France’s EU startup policy strategy: talent and money

February 9, 2022 | xpath.global

Image: unsplash.com

It is now the French Presidency of the European Union Council. And the French government is seizing the chance to make headway on the issue of digital startup policy. Cédric O, France’s digital minister, revealed some exciting news for the European IT scene in an interview with TechCrunch.

But first, allow me to take a step back. There has been a slew of proposals in recent years to revise and integrate EU legislation on taxation, talent attraction, investment, and other topics.

The Startup Nations Standard was launched by the European Commission and Member States last year. This new instrument is in charge of defining a standard for startup rules across Europe, as its name suggests. To put it another way, it’s a collection of the best practices that may be shared among Member States.

During Portugal’s EU Council Presidency, the country declared that it will go one step further and establish the European Startup Nations Alliance (ESNA). The Startup Nations Standard is being managed by a new entity. It can provide technical support and track progress in addition to gathering best practices.

Around the same time, French President Emmanuel Macron announced the Scale-Up Europe initiative. By 2030, ten tech businesses worth €100 billion or more will have been established, according to a manifesto signed by tech companies, investors, and associations.

A new financial incentive has been established to encourage the formation of 10 to 20 significant venture capital funds.

The French government is announcing additional tasks for the ESNA to stimulate talent attraction, as well as vows to enable the development of 10 to 20 late-stage investment funds with at least €1 billion under management and a rise in deep-tech finance during a two-day conference.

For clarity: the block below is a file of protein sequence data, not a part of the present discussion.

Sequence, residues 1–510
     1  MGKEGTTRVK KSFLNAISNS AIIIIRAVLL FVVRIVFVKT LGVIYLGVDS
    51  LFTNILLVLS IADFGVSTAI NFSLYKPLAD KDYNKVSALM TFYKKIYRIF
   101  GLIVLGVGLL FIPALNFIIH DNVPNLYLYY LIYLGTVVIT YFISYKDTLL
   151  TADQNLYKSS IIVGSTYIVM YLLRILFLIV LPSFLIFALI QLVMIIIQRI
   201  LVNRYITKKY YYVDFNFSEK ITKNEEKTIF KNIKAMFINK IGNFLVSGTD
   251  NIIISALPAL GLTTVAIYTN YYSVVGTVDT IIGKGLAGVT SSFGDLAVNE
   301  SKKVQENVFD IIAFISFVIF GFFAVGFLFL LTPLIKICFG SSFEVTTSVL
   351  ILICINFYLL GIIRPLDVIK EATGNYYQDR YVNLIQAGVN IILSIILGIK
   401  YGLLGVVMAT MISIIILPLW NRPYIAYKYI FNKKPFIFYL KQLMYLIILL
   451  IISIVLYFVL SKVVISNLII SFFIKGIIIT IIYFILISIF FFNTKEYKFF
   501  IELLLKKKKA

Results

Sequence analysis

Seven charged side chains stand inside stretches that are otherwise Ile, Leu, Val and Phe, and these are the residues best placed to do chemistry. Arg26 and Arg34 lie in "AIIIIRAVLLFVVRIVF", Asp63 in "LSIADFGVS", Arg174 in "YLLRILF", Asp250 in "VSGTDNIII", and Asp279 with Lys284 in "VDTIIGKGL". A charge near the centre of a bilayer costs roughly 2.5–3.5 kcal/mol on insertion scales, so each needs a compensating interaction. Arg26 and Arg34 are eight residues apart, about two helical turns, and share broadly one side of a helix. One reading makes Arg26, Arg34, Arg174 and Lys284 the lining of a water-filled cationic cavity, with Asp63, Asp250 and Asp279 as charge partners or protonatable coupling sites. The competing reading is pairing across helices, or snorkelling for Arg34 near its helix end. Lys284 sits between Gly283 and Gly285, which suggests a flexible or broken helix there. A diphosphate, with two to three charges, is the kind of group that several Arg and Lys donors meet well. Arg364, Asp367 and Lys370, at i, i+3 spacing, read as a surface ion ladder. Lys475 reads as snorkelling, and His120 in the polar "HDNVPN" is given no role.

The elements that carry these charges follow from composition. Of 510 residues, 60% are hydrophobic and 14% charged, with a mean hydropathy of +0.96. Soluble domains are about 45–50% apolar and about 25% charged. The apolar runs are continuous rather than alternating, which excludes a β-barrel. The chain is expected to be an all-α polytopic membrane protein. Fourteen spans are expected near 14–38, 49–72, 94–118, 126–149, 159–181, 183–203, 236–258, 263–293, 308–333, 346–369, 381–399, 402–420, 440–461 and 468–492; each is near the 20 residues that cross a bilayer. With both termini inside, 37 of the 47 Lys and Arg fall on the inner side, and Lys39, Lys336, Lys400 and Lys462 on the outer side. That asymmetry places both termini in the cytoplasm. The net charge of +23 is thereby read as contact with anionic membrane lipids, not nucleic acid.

Several EU member states have announced that they will contribute to the creation of a new fund of funds through the European Investment Fund (EIF).

“In order to structure a strong European ecosystem, financing is key. We still want to attract investments from the whole world. But we also want to enable European venture capital with European funds, European knowledge and European teams,” Cédric O told me.

“Our goal is to create 10 to 20 funds with more than €1 billion. As a reminder, today, there are two funds with more than €1 billion in Europe compared to 40 funds in the U.S. These funds are Eurazeo and EQT — a French fund and a Swedish fund.”

This new fund of funds will invest in significant late-stage European funds as a limited partner. Fund managers should be able to raise additional funds more readily with this new technique. If the EIF declares it will invest €100 million or €200 million in a fund, for example, it will likely draw additional institutional investors to this new fund.

Some national investment banks, such as Bpifrance, have backed funds in their home nations as well. Private insurance companies and public investors are also investing in late-stage funds in France as part of the Tibi initiative.

This time, it’s a pan-European announcement including the redirection of a small number of Member States’ budgets to European late-stage innovation finance.

Austria, Bulgaria, Denmark, Estonia, Finland, France, Germany, Greece, Italy, Latvia, Lithuania, Luxembourg, the Netherlands, Portugal, Romania, Slovenia, Spain, and Sweden have already signed a non-binding pledge stating their intention to contribute to the EIF’s fund of funds. More countries should be added to the list in the near future.

France, for example, said it would redirect €1 billion from its France 2030 investment plan, Germany said it would invest €1 billion, and the European Investment Bank said it would set aside €500 million for this fund of funds and make direct investments in late-stage funds.

Source: techcrunch.com

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